Scrap super creditor rule, says select committee

SUPER CREDITOR RULES in football administrations should be scrapped a parliamentary committee has said.

The Culture, Media and Sport Committee has suggested if HMRC is unsuccessful in its bid to tackle the rule through its up-coming legal challenge, the government should legislate against it.

The taxman is due to begin a court battle to have the football creditor rule (FCR) – which prioritises the payment of players, managers and clubs in the event of a club entering administration – overturned, as it believes the rule is “unlawful”.

If a club enters administration the football creditors are paid in full with the remaining funds divided between the creditors, treating them differently.

In the Portsmouth FC administration, for example, players and managers were paid in full. However, the taxman and several other creditors are likely to receive 20p for every pound they are owed, repaid over five years.

The committee’s report said the rule “epitomises the extent to which financial priorities are being distorted”.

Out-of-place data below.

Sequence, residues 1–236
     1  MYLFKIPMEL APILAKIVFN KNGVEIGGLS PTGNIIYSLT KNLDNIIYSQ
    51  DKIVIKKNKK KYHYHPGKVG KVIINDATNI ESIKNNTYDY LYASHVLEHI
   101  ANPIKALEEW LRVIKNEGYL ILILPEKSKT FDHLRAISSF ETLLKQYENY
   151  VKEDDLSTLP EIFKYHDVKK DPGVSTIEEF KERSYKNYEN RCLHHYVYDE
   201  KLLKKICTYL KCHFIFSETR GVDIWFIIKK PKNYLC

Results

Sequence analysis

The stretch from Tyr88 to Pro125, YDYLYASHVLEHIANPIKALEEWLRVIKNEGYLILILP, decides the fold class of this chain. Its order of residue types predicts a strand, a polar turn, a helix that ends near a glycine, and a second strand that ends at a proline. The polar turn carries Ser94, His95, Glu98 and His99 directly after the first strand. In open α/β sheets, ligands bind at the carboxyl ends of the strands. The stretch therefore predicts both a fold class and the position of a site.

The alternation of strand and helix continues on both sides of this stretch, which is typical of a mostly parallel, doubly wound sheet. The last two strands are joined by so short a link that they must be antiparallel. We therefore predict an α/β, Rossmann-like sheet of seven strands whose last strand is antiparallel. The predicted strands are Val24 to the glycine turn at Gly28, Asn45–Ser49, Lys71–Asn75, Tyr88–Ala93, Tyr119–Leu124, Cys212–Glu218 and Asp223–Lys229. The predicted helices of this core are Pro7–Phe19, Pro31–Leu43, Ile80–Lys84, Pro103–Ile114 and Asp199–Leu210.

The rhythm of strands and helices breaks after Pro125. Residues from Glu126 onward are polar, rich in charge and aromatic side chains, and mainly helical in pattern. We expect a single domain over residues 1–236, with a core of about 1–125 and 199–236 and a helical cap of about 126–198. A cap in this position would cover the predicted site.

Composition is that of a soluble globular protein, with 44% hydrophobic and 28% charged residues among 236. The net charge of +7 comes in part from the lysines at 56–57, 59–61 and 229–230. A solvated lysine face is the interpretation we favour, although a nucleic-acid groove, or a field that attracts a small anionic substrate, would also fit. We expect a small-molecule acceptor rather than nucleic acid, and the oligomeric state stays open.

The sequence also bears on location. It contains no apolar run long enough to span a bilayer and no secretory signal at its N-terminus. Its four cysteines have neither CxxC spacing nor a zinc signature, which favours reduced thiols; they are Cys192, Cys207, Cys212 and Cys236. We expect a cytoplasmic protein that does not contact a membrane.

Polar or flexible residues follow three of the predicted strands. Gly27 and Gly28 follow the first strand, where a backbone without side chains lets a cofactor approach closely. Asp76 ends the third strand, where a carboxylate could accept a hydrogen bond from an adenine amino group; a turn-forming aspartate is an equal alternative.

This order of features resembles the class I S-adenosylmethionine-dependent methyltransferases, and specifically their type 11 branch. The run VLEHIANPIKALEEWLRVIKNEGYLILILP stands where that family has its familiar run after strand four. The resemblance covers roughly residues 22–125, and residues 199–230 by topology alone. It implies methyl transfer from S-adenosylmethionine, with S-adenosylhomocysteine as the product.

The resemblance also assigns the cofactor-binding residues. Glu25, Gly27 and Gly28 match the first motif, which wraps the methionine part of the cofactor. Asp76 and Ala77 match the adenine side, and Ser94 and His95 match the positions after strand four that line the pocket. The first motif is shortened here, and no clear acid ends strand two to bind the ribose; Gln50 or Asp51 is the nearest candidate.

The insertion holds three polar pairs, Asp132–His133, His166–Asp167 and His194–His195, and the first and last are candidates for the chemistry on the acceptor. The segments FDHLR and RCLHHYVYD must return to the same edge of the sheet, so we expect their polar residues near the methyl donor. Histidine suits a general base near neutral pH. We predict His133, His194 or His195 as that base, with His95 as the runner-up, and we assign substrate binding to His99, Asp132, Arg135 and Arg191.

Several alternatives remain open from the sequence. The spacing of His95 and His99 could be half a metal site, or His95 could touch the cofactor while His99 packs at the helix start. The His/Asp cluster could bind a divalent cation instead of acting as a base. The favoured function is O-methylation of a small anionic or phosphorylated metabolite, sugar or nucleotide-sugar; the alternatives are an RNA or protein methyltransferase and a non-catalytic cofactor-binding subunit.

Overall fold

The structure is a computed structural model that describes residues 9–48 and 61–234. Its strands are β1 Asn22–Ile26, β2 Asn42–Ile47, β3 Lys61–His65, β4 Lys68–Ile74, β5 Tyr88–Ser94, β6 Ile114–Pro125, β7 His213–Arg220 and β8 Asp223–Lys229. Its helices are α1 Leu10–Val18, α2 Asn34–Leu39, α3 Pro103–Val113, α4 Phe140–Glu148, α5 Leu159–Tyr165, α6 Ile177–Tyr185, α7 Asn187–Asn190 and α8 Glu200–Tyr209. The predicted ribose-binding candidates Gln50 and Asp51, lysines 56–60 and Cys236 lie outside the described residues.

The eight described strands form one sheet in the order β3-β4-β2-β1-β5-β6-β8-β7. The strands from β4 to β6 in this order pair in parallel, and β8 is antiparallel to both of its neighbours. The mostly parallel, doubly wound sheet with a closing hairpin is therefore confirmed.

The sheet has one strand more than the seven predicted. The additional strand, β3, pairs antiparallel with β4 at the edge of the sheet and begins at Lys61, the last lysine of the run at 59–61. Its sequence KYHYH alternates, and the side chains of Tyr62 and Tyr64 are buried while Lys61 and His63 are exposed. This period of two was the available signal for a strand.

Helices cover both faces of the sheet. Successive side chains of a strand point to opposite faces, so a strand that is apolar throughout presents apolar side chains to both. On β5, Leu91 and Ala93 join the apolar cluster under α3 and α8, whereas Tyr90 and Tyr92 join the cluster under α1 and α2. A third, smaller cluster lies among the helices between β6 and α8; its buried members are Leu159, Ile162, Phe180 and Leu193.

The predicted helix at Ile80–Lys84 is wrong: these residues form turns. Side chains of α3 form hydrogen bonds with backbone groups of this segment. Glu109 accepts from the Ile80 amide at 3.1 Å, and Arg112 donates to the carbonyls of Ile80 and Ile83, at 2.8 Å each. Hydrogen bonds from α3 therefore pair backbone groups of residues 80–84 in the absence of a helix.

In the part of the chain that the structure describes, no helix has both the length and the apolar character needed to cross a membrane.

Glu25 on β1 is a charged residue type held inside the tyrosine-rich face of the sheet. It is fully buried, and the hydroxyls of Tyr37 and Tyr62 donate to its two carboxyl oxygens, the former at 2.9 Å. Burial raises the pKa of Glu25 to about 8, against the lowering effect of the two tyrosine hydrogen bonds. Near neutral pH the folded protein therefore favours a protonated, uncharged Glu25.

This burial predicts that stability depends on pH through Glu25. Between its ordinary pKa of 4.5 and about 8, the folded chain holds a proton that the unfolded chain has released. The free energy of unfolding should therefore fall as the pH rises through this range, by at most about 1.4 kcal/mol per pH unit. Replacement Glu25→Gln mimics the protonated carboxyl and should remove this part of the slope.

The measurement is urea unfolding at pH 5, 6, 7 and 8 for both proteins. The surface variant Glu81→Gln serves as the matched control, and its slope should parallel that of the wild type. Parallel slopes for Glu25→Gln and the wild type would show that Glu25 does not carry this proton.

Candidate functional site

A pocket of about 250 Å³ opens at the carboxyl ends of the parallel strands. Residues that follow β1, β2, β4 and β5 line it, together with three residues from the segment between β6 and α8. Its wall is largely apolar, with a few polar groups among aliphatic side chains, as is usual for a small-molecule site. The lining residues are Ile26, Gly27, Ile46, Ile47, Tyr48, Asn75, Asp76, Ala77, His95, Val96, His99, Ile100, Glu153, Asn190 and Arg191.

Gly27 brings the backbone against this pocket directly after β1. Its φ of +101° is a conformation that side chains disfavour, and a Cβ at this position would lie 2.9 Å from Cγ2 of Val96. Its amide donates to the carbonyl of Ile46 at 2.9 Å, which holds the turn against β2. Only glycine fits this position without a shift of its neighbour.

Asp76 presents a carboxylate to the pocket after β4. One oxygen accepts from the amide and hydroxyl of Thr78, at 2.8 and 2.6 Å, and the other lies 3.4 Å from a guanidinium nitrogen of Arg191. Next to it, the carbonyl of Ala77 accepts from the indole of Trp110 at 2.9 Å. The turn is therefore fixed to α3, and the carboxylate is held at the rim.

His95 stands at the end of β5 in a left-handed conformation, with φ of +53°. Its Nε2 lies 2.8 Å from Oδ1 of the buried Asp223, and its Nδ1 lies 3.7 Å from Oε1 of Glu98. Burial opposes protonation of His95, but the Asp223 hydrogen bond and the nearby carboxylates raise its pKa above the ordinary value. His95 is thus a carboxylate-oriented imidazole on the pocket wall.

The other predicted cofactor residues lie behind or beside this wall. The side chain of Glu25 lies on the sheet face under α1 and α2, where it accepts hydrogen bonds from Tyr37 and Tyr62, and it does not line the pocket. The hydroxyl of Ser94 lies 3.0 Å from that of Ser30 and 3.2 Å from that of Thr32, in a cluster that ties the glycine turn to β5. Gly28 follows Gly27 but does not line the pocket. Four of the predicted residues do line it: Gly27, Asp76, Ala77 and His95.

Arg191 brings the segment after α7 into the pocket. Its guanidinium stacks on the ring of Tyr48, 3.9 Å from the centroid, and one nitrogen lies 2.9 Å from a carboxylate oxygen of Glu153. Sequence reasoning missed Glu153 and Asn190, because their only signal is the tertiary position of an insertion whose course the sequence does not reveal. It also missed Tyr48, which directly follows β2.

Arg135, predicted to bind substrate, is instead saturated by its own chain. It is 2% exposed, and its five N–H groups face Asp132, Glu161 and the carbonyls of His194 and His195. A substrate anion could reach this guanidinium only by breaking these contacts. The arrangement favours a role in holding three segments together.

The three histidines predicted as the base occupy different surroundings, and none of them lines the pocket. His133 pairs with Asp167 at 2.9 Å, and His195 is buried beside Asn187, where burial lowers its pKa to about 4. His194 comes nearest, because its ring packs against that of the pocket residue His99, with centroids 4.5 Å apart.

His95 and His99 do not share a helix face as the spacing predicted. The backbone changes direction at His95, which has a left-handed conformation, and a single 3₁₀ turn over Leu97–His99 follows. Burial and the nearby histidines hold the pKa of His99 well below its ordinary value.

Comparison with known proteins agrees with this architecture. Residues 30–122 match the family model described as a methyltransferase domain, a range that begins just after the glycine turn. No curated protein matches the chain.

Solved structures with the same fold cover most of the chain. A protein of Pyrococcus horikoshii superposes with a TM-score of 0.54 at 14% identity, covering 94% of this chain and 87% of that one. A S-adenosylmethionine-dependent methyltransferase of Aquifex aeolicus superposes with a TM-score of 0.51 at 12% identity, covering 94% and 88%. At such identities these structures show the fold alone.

An HMRC spokesman said it was “good news” and the taxman hopes it will be able to dissolve the super creditor rule through the courts or legislation.

A spokesman for the Premier League said: “We, along with the other football authorities, will now consider the report’s contents and await the Sports Minister’s response before taking a view on the recommendations and any part the Premier League may have to play in implementing them.”

John Whittingdale MP, chair of the committee, said: “Almost all our recommendations could be achieved without legislation, through co-operation and agreement between the football authorities, and we urge them to respond positively with an agreed strategy and timetable for change.

“Legislation should be considered only as a last resort in the absence of substantive progress.”

HMRC is due to face the Football League over its challenge of the insolvency rule in November.

Other suggestions made by the committee include “urgent reforms” to football governance to become more vigorous in reducing debt levels and improve financial stability.

Related reading